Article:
It’s the most Marian time of the year. In December, all eyes are on the Lady of Nazareth as she makes her journey to the village whose name would echo through history. Christians the world over ponder the discomfort of her travels, the uncertainty of seeking a place to stay, the wonder she felt on holding her son, and the glory as angels sang praise to God.
In churches that hold no statues the rest of the year, there are statues now, of Mary and Joseph and shepherds and wise men and animals galore. In communities where the name of Mary is hardly ever mentioned, voices are raised in song about Virgin Mother and Child. And millions of parents are throwing together slapdash costumes as millions of children rehearse lines for Christmas pageants. The starring role? Mary. Jesus will be played by a baby doll, likely as not, and Joseph will stand quietly to the side as the play reaches its climax, the spotlight fixed on Mary as she gazes at the Christ child.
Why this focus on Mary at Christmas, especially among the billion Christians who avoid her the rest of the year?
Because we who love the Son want desperately to be Mary at Christmas. We want to hold him close, to gaze into his eyes already so full of wisdom. We want to worship, as every mother is tempted to worship her newborn baby and only one truly could. We want that moment of silence in the stable that had become a cathedral, those deep breaths smelling his sweet baby smell as we cling to him in joy and wonder and fear and trembling and adoration.
We don’t want the prophecy of Simeon or the flight into Egypt. We don’t want to lose him in the Temple or worry about his future. We don’t want to bid him farewell at Cana, to follow at a distance, to watch him crucified or hold his corpse. We want Christmas and we want to stay there.
But Mary knew that Christmas held the promise of the Cross. She wrapped him in swaddling clothes as Joseph of Arimathea would wrap him for burial. She laid him in a feed trough, the spotless Lamb who would be sacrificed and offered to us as food. She held him close, knowing that he was born to die.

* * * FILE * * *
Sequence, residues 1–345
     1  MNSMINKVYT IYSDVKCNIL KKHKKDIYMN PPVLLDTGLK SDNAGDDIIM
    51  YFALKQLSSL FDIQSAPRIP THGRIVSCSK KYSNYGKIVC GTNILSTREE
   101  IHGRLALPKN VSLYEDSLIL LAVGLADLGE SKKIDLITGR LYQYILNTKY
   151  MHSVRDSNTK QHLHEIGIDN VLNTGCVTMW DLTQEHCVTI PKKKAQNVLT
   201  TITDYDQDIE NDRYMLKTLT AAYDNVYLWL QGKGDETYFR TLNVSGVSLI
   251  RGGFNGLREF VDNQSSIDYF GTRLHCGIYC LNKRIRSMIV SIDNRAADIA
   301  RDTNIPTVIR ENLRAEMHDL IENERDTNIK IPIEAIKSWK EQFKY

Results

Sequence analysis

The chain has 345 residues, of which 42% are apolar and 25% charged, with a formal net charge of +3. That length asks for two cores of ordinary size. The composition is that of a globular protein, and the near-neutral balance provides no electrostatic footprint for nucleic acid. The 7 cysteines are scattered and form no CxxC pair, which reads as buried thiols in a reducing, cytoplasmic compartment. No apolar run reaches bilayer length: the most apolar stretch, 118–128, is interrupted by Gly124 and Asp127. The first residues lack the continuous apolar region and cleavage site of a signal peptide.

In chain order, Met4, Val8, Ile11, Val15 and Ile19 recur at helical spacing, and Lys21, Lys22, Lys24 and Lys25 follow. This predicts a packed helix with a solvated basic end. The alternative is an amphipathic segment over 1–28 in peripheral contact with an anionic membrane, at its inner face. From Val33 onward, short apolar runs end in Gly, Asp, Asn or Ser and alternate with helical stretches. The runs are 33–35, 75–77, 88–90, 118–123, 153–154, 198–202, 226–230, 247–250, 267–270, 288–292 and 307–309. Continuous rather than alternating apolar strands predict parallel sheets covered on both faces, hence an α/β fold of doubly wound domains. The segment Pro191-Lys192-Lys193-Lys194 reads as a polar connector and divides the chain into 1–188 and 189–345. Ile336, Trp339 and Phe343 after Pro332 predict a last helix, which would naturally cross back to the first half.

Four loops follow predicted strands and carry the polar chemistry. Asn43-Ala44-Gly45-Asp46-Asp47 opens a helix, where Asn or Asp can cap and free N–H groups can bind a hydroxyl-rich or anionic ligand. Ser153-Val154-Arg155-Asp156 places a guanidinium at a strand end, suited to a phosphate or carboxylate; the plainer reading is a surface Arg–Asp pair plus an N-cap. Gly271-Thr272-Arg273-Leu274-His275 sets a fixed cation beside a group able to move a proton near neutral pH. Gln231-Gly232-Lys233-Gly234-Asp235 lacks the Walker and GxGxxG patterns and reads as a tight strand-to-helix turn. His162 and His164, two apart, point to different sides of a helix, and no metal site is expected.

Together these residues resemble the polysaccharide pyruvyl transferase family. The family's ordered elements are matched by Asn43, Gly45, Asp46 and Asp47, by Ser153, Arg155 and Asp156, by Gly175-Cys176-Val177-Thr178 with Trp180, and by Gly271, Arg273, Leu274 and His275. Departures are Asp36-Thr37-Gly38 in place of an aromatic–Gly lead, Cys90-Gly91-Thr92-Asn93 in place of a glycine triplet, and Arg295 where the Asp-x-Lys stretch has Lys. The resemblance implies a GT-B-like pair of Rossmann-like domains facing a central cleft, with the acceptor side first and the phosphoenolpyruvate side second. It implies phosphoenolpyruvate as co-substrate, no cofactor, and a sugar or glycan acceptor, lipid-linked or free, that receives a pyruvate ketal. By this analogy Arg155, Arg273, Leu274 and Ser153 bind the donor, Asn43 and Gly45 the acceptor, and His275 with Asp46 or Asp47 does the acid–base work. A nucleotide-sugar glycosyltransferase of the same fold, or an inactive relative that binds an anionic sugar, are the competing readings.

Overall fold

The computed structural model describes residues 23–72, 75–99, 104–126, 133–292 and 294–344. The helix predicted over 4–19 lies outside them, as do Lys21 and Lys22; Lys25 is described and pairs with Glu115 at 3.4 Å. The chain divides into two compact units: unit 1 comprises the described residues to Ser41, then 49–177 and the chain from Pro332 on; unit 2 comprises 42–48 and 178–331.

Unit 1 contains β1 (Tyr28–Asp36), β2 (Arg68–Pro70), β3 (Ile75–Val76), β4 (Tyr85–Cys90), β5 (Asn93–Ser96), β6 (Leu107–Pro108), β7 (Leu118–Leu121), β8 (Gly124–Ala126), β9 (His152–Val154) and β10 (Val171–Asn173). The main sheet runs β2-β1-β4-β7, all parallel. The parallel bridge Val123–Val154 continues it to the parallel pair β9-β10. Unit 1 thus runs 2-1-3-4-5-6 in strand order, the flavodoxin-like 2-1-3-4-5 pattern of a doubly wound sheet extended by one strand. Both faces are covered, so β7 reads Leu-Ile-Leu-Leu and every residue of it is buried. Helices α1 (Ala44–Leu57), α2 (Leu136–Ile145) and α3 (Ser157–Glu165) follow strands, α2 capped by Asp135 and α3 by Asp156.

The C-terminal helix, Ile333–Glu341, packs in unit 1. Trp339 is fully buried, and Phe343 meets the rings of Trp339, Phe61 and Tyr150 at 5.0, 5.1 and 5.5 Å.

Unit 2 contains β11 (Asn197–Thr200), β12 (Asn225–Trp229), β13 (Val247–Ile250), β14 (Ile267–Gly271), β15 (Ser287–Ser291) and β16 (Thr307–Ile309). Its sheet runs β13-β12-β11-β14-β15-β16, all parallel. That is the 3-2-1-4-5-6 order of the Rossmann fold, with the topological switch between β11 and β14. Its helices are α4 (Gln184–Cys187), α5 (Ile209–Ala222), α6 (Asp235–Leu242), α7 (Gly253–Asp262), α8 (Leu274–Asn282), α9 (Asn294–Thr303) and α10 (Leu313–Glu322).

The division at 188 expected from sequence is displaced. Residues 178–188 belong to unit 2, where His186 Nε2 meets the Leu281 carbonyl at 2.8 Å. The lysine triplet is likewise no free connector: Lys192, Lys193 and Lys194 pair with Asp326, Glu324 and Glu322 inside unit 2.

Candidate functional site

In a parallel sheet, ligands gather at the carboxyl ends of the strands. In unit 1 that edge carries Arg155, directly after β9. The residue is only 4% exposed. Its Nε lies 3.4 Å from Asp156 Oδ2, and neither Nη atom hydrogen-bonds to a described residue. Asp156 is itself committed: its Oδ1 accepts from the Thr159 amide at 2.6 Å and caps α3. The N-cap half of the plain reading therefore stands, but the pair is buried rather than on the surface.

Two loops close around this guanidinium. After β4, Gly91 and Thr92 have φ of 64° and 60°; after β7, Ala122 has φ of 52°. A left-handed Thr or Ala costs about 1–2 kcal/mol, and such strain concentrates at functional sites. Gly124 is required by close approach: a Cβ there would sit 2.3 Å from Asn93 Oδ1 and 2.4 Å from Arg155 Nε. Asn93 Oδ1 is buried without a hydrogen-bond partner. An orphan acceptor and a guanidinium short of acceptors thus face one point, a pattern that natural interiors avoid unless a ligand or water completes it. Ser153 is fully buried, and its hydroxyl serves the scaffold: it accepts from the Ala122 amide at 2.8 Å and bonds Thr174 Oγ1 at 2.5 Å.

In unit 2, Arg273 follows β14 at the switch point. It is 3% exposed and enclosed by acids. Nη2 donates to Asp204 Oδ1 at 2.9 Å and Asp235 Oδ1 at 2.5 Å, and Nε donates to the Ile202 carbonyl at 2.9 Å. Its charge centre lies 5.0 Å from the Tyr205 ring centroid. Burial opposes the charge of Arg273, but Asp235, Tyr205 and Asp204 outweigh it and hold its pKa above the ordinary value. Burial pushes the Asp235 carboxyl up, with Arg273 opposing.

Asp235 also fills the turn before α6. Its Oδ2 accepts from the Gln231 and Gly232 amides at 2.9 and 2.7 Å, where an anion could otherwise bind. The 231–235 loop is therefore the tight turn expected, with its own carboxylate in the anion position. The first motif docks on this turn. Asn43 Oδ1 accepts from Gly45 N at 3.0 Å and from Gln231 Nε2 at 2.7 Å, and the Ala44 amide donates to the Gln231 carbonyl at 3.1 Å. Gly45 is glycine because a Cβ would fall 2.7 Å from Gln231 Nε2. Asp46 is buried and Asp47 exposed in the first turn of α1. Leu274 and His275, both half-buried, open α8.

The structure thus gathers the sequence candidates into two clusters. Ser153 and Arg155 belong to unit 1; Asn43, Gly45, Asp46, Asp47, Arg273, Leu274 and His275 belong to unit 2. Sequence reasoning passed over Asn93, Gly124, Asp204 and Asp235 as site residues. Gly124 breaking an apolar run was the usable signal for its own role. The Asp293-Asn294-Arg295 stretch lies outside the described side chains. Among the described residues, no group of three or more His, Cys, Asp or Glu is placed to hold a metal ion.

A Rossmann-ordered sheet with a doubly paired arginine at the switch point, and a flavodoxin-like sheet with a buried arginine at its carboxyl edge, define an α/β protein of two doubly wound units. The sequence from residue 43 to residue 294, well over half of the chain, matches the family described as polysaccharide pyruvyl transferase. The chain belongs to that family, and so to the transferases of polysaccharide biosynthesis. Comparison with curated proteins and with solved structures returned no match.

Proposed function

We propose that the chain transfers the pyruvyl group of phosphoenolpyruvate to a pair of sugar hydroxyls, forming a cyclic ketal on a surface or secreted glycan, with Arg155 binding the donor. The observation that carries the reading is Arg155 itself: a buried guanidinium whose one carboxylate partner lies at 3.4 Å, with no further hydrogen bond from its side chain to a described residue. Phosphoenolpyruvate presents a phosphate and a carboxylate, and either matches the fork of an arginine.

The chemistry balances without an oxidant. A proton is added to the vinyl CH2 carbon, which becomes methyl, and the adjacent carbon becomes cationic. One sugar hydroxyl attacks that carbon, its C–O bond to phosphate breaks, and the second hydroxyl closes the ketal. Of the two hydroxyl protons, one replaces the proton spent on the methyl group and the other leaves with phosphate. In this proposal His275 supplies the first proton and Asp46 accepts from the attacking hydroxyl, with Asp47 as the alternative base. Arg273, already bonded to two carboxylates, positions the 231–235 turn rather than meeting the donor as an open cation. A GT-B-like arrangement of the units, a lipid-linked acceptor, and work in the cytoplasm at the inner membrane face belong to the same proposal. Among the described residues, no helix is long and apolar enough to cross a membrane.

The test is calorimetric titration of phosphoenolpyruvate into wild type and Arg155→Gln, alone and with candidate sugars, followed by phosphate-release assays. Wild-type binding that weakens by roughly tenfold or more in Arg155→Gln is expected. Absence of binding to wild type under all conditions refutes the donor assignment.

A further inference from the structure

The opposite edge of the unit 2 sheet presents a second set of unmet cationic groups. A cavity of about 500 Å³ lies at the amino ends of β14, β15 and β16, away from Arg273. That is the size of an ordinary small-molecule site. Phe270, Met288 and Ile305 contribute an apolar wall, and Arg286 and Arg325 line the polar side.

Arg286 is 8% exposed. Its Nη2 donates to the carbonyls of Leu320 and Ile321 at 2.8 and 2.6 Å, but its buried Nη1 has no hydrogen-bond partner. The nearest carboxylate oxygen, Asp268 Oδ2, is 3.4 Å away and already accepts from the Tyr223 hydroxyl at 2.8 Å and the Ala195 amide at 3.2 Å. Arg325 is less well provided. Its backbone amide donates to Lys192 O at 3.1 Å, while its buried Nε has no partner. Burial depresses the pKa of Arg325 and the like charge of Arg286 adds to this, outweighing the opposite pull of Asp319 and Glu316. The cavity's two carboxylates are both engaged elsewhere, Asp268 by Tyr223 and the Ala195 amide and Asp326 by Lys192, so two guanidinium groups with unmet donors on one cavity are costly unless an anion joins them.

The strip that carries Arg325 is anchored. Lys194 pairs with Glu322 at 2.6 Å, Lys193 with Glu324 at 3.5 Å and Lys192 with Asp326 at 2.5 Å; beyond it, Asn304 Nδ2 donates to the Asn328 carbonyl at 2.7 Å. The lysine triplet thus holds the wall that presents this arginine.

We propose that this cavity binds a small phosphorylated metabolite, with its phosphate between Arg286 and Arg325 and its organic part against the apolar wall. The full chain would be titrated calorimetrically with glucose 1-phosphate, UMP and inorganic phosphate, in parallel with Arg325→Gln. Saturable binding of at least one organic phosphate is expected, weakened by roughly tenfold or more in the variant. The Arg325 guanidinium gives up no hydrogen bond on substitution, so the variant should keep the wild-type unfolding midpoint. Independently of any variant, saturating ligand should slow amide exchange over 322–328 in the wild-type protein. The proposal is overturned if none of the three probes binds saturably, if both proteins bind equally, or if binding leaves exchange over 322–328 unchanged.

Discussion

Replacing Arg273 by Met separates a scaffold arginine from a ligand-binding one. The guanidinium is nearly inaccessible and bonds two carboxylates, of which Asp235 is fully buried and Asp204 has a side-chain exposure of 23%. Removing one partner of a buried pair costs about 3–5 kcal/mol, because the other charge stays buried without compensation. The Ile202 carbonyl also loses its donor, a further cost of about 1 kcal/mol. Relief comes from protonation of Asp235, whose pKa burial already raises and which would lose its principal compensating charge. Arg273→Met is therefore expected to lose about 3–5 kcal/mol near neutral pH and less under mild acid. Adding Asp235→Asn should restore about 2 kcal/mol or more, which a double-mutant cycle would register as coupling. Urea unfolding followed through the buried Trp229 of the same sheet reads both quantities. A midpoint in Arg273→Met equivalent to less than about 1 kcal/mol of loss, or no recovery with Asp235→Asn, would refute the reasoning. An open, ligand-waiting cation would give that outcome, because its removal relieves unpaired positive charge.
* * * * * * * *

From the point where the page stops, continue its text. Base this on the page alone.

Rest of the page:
On Christmas, God became needy so that those shepherds and tax collectors and millennial students and weary day laborers who were reluctant to approach him in his majesty would come near in his infancy. We look to Mary at Christmas because we want to take her place, gazing at the one we love in peace.
And so we should. Without the wonder of Christmas, we may not have the strength for Calvary. And Calvary will come in all our lives. So alongside Mary, we spend Christmas soaking up peace and joy and glory to be strengthened for what is to come. We can’t forget the poverty and fear and rejection that attended that birth, as she and silent St. Joseph made do with the stable far from family and friends, but neither can we forget the poverty and fear and rejection we experience in our lives. Still, when she held him in her arms, it was enough. May it be enough for us. May he be enough for us.
As we finally begin the Christmas season this week, let’s unite our hearts to Mary’s, asking her to hand her infant son to us so that we, too, might gaze upon God made weak for us. Like her, let’s fix our eyes on Jesus. Let’s allow his peace to transform our anxious and weary hearts.
Starting on Monday evening and all throughout the Christmas season, let’s sit in the stable, delighting in our newborn Savior so that we can take up our own crosses once more when the time comes to move on from Bethlehem and walk toward Calvary.
St. Luke got the greatest interview of all time